Strange Days

Saturday, November 21st, 2009

tn_strangedaysStrange days we’re livin in, here in the futuristic year of 1999. Everywhere you go there’s people getting chased, cars on fire. I just saw 2 people beating up Santa Claus on the sidewalk. Can you believe gas has gotten up to three whole dollars a gallon? What a nightmare! And man, I almost miss junkies. They were so much better than these “wireheads” you got now, who plug into recordings of the brain responses to sex and bank robberies and stuff. Those guys make me sick.

Okay, you got me, this is actually late 2009 when I’m writing this, and that was a made up science fiction scenario that did not end up happening in ’99. I would remember if it had. Isn’t that weird? In less then two months we’ll be at the 10th anniversary not of this movie, but of the future it takes place in. So it’s ironic that it’s about people stuck on re-living old experiences, and meanwhile we’re watching it comparing it to the actual New Year’s Eve 1999 we experienced. (read the rest of this shit…)

VERN has been reviewing movies since 1999 and is the author of the books SEAGALOGY: A STUDY OF THE ASS-KICKING FILMS OF STEVEN SEAGAL, YIPPEE KI-YAY MOVIEGOER!: WRITINGS ON BRUCE WILLIS, BADASS CINEMA AND OTHER IMPORTANT TOPICS and NIKETOWN: A NOVEL. His horror-action novel WORM ON A HOOK will arrive later this year.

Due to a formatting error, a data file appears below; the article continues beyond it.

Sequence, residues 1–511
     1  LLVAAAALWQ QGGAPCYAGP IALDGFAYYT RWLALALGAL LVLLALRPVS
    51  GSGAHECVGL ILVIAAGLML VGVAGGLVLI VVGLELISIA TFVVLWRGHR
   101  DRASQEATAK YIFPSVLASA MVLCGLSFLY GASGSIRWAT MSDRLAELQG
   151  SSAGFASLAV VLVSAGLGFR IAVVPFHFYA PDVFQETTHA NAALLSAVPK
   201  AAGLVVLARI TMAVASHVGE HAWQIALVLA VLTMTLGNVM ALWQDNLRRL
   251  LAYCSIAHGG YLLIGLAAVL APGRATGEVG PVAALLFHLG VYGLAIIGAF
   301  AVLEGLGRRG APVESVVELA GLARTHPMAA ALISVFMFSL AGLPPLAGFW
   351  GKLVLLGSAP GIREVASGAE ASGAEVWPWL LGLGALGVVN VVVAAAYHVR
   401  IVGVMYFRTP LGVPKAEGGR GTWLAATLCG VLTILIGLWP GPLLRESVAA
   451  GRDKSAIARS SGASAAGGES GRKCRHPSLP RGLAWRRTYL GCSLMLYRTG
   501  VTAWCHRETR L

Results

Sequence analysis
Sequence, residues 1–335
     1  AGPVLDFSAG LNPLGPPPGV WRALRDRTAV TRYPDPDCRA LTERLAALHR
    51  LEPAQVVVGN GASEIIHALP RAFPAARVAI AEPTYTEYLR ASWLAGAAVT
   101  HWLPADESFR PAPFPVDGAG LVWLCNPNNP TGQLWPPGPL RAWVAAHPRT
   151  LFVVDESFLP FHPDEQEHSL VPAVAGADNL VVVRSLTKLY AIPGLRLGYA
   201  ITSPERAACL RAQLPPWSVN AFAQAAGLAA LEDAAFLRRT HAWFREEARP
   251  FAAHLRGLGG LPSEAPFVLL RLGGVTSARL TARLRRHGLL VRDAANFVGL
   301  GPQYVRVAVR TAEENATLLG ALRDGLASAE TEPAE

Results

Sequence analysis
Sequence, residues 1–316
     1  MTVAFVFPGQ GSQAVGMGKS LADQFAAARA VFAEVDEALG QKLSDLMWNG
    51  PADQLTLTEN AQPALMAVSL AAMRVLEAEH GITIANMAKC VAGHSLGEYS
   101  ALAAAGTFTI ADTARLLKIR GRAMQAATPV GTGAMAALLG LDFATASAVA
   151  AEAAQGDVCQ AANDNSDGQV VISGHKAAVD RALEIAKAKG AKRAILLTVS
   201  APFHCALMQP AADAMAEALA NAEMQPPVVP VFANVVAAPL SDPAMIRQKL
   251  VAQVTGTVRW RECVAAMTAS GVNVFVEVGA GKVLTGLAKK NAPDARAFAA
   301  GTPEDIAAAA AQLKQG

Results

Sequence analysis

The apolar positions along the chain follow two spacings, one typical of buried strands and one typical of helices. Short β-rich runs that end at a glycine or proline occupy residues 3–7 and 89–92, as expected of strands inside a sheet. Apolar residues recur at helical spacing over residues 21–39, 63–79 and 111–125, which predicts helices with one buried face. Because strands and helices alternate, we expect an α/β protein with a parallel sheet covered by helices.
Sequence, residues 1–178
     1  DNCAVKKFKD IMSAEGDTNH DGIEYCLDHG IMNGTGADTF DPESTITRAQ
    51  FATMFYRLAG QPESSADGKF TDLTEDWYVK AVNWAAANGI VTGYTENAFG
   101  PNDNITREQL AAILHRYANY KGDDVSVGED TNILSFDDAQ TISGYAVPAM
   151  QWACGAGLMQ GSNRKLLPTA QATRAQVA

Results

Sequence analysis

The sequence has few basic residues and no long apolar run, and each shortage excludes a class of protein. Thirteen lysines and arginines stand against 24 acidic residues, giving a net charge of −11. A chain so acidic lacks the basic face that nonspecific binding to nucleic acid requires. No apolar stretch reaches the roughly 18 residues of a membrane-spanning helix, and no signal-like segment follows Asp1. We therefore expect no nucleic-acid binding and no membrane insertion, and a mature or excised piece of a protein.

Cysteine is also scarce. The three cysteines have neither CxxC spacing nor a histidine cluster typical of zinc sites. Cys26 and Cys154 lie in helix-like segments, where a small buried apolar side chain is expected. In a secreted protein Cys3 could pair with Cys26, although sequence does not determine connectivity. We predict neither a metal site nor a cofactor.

Paparazzi

Sunday, November 21st, 2004

This is one of those mysterious movies that suddenly appeared out of nowhere one Friday night, then disappeared again a week later without so much as a puff of smoke. It straddles that blurry line between mainstream studio movie advertised on national television and straight to video thriller nobody’s ever heard of.

I actually saw an ad for it that week and I gotta admit I was a little intrigued. You just saw some dude falling down a fire escape and maybe a car flipping or something, and I thought maybe it was some gritty low budget late ’70s early ’80s style down and dirty revenge thriller. I mean there were no stars in it, it looked like the main character was that sleazeball Tom Sizemore (actually it’s Cole Hauser, some guy who looks kind of like Christian Bale but sounds kind of like Willem Dafoe). The only way they tried to make it sound like a Real Hollywood Movie was to brag that it was produced by Mel Gibson. (the guy from MAD MAX.) (read the rest of this shit…)